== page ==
My cousin and her husband put me up for the weekend. We caught up on the past year, played with the baby, went shoe shopping. The day of the party, though, my hosts and I grew restless, circling the house like caged jungle cats who know the vet is making his rounds that day. Was my grandma going to punish me again for abandoning the Northwest? Would all the new and newish spouses mingle and be welcomed? Would it be weird to see the cousin I hadn’t in probably eight years? Would I wind up playing the ugly duckling, the snooty stranger, or the missed relative?

I had no answers, just a $1 pair of Walmart Christmas earrings and a new purple dress to defend me.

My aunt’s church, in Seattle, has a lovely Ikea-modern decor and a spacious rec room. My aunts and grandmother were setting the tables with cloths, candles and glass goblets when we arrived. We were early, gathered around my uncle and grandpa, as others started to arrive. My grandma insisted we “integrate,” but my uncle proved too entertaining to leave. Despite people having to “integrate” towards us now and then, talking and laughing and eating carried on around the room.

I teased my cousin Bryan about his fondness for enforcing rules. I talked about web design with my aunt. I told my grandpa about the flights, the cab drivers, the hotel in Chicago. I laughed with another cousin’s girlfriend of a couple years, who I hadn’t met yet and immediately liked. I ate too many Swedish meatballs.

Nothing was particularly different this visit. Just better. I still have little in common with my relatives. Most of them believe in working hard, saving money, marrying young, raising families, going to church, buying houses and cars, all of which I show little sign of ever doing. But it’s just possible, at twenty-eight, I’m starting to make sense to them all as the one who isn’t going to make any sense. Like my single great-uncle, who used to live to party in Anchorage, talks little, votes Democrat, and is dating one of the many elderly women in his ‘hood who ply him with casseroles and fudge, I may slowly gain exception credits, no longer expected to do what everyone else seems to do naturally.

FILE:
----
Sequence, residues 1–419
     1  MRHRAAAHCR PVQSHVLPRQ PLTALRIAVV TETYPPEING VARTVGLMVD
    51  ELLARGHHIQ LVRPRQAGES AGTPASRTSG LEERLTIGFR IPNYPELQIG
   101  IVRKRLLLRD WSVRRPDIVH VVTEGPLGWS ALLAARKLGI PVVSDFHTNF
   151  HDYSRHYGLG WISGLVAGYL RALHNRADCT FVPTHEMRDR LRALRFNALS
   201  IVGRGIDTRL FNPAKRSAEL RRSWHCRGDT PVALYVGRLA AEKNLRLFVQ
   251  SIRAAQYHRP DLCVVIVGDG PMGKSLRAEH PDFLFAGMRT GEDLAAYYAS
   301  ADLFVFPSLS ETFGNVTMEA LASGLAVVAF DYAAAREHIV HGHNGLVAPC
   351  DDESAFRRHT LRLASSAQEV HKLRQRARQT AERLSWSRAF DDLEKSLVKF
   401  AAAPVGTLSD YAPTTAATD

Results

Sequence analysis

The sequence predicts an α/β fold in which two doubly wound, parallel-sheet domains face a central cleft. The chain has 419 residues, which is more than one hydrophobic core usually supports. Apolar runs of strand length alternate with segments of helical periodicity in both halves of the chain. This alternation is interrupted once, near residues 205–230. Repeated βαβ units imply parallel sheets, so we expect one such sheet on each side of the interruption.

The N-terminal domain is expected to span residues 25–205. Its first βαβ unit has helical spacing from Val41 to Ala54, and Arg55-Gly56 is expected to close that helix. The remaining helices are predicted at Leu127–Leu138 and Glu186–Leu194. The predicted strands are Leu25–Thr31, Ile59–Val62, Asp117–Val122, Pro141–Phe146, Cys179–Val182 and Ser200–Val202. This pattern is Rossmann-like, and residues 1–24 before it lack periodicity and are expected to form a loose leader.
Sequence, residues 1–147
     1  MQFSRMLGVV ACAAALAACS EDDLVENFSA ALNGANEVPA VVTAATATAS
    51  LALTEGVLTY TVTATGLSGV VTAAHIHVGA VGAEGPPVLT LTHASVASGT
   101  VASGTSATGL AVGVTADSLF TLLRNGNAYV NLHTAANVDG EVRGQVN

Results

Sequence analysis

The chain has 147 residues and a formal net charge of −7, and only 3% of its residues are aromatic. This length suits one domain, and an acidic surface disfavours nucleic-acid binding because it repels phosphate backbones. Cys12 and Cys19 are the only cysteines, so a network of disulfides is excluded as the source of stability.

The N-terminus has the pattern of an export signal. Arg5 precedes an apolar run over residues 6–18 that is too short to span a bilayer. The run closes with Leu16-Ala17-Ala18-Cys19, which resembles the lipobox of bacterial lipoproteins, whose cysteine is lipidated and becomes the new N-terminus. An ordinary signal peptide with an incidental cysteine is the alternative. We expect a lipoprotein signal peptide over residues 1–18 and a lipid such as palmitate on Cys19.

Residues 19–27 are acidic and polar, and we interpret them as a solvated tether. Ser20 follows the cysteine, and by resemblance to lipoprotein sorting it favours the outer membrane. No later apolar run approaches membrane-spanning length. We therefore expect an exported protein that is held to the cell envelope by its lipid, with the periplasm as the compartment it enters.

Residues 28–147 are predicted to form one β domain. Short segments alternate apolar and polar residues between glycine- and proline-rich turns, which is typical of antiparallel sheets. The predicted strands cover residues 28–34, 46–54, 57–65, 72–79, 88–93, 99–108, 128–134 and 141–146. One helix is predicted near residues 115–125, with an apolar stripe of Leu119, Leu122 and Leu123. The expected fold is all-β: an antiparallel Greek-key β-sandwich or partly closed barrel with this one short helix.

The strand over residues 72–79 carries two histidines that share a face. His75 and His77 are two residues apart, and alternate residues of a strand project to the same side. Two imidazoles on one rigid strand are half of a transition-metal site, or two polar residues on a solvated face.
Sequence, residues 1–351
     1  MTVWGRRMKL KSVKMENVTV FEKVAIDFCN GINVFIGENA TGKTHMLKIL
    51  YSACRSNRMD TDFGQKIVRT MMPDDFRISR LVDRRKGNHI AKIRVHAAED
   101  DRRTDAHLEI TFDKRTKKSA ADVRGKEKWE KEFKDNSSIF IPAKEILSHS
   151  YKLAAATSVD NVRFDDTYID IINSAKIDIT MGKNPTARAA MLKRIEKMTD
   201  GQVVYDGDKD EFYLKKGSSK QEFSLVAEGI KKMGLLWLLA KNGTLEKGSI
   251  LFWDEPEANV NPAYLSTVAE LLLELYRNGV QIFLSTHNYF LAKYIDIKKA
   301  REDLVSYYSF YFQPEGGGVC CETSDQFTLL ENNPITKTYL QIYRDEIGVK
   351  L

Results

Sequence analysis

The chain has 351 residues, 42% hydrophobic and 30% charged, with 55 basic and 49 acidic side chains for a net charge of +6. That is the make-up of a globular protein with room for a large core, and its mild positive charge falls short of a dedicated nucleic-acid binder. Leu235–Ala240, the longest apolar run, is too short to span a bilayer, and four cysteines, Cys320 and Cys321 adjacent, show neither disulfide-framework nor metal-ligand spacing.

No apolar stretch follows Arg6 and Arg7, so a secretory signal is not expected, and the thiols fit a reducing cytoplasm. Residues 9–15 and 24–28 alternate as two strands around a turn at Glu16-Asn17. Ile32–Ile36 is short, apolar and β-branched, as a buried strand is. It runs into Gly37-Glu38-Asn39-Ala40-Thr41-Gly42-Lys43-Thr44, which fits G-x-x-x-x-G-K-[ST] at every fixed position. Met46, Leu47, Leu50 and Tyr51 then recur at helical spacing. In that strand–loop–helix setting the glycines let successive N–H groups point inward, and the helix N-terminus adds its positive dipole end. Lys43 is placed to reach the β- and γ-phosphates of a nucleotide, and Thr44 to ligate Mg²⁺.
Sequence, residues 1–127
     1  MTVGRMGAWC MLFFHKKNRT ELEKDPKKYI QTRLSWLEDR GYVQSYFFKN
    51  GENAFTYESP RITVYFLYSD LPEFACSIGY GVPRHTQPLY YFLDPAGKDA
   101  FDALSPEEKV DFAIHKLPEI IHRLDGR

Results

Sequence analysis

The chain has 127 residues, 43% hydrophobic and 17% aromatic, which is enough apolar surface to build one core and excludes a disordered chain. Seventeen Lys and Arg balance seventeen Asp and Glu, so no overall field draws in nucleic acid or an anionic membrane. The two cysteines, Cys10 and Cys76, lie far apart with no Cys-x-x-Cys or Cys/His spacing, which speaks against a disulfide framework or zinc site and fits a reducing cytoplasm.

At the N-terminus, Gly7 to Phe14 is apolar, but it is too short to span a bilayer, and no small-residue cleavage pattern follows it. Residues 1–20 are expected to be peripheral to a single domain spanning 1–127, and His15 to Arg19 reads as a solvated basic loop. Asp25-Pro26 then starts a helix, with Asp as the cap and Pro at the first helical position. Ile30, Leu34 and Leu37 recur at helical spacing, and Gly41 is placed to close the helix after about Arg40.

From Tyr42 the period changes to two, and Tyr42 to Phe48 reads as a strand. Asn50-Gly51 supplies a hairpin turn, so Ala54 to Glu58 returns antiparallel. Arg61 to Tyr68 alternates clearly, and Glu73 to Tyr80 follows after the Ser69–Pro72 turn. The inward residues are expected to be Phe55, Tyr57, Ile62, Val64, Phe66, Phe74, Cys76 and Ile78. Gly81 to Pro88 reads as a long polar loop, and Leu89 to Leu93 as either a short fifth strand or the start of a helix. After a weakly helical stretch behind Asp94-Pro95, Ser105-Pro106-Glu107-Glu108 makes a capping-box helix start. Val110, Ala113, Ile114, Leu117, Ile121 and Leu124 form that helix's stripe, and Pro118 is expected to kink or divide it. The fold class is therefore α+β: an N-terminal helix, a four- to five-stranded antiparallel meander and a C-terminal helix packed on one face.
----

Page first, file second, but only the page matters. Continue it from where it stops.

This visit wasn’t like a few years ago, when I came back to be in my cousin’s wedding, and my life was awesome. I was dating a sexy European, had a fun job, went out in Greenwich Village every weekend, and shared a cute apartment with a great friend. It was also not like visits that followed my graduating high school, when I would try to explain my decision to write instead of get a job, to relatives who could find no response to such insanity.

I didn’t feel awesome, and I didn’t feel like a freak, I just felt like a single twenty-eight year old woman visiting her relatives back home. I wished I had a drink in my hand, a man by my side, and a half-finished novel on the desk at home, but contented myself with the new purple dress and the deliciousness of my grandma’s ham. I don’t know if I felt accepted because I had accepted myself, or if I accepted myself because I felt accepted by them, or if we were all just high on non-alcoholic cider and I imagined it all.

Either way, last Sunday made me realize again the value of relationships that survive the awesome years and the awkward ones. It isn’t always a great time, but it always means something. And when it is fun, like it was last Sunday, you leave with this funny feeling in the pit of your stomach… of being loved.

I’m glad I went.